The news came as quite a shock because Quinn had been playing soccer and flag football just days before he was diagnosed with
high risk T-Cell Lymphoblastic Leukemia. T-cell acute lymphoblastic leukemia (T-ALL) is a type of acute leukemia meaning that it is aggressive
and progresses quickly. It affects the lymphoid-cell-producing stem cells, in particular a type of white blood cell called T lymphocytes as opposed to
acute lymphoblastic leukemia (ALL) which commonly affects B lymphocytes.
Quinn’s only symptoms showed up as a rash and a low-grade fever. The “rash” turned out to be tiny blood vessels bursting underneath his skin.
His white blood cell count was elevated to 3 times the normal amount that white blood counts should be for a child his age. The next day Quinn
began chemotherapy and started the 29 day induction phase of his treatment. His little body accepted the treatment so well that he was able
to leave the pediatric intensive care unit in 4 days and the hospital within 7 days. Through his induction period Quinn received spinal taps,
bone marrow aspirations, blood transfusions, and had to fight off infections. He was able to start the Consolidation phase of his treatment
which was 78 days of intense chemotherapy, antibiotics, and steroids. Quinn suffered 2 seizures midway through the treatment and his
protocol was reassessed to remove one of the chemotherapy drugs to ensure he would not have any other adverse reactions to treatment.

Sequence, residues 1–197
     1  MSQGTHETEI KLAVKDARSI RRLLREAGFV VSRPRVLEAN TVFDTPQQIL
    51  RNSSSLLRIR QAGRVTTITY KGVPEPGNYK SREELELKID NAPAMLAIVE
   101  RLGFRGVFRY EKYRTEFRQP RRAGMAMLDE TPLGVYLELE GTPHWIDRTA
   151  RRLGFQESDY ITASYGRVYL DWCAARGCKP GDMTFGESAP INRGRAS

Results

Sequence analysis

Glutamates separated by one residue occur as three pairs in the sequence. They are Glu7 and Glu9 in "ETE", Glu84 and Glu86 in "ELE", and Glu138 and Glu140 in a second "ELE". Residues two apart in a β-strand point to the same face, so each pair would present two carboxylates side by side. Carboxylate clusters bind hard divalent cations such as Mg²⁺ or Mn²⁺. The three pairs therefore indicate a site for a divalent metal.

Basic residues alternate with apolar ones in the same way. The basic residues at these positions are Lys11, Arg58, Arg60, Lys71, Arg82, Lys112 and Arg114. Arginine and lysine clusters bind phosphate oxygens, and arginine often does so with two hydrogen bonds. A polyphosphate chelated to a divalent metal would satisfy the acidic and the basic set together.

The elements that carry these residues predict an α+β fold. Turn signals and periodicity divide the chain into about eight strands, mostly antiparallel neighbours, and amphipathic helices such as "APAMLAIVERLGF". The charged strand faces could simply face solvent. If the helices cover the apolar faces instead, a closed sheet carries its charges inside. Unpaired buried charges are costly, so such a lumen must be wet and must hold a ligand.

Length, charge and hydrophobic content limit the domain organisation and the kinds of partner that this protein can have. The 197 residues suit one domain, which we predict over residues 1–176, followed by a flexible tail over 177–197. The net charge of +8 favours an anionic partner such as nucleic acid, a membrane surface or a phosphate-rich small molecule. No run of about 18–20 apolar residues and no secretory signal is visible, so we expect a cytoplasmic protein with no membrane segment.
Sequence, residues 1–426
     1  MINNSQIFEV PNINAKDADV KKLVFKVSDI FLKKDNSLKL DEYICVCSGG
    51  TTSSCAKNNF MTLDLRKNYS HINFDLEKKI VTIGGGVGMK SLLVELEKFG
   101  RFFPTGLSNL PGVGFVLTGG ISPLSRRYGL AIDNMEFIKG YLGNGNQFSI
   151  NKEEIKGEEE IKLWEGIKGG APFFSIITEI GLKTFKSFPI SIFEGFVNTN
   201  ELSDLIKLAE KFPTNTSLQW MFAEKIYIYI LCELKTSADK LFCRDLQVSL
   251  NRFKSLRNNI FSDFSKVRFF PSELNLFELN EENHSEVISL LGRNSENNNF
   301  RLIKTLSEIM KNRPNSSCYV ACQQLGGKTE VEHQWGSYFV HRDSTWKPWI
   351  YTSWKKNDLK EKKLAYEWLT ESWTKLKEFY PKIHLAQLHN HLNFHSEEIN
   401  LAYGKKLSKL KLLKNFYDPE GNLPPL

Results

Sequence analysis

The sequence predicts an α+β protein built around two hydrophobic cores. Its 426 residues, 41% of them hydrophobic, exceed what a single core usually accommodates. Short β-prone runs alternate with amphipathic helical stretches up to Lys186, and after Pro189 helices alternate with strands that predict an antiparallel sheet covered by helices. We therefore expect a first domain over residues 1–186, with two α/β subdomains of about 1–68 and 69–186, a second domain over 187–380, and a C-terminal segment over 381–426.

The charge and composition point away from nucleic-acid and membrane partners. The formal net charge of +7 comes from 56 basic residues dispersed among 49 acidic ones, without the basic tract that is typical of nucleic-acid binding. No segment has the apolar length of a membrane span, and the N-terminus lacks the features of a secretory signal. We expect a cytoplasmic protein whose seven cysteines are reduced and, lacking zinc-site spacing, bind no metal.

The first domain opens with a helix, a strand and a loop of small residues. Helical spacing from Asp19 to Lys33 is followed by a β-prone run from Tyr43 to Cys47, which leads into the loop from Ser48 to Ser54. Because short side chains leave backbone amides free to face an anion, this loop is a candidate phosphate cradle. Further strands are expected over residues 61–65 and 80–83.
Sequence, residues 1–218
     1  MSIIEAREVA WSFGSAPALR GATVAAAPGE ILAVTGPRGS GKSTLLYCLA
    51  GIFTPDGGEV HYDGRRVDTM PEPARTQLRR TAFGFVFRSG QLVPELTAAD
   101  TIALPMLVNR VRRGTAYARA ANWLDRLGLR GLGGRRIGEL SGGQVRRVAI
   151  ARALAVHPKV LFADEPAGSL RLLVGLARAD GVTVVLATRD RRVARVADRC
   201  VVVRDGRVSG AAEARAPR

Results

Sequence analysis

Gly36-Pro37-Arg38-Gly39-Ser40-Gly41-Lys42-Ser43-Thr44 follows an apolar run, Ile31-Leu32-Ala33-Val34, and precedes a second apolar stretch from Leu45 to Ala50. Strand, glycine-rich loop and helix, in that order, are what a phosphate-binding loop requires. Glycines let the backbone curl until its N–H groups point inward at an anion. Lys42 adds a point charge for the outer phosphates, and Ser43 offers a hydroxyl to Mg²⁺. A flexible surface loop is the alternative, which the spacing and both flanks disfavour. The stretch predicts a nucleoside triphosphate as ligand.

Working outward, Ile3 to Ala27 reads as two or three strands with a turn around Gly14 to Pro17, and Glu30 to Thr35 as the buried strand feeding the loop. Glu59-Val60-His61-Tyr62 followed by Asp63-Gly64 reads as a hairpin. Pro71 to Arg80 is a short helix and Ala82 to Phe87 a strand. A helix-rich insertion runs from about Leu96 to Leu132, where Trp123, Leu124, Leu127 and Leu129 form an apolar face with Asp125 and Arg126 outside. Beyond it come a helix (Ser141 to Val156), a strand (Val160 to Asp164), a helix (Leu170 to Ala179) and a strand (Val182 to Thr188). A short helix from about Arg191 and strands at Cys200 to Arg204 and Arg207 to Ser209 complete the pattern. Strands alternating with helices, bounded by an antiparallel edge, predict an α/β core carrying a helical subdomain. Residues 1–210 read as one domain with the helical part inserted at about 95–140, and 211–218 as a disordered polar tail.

He is currently in the Interim Maintenance phase of his treatment which is 8 weeks of reduced chemotherapy intake. The IM phase aims to
destroy any leukemic cells left in Quinn’s bone marrow or blood. His immune system has been robust enough to with stand him going back
to his school and having very low level activity with his friends on occasion. Once Quinn completes IM he will move into the most difficult
phase of treatment which is called Delayed Intensification. Delayed intensification is similar to another induction and consolidation
phase and lasts for 8 weeks.
Quinn has been a warrior through it all and never complains about the pain and treatment that he is undergoing. The total length of therapy
(induction, consolidation, and maintenance) for most Acute Lymphoblastic Leukemia treatment plans is 2 to 3 years. Because boys are at
higher risk for relapse than girls, many doctors favor giving them several more months of treatment. The Cogans ask for your continued thoughts
and well wishes for him as he goes through things no child should ever experience. Andrei, Tracy, Quinn, and Zane would like to thank
all the people that make up their village and who have given their time, compassion, and money to this sweet little 6-year-old boy.
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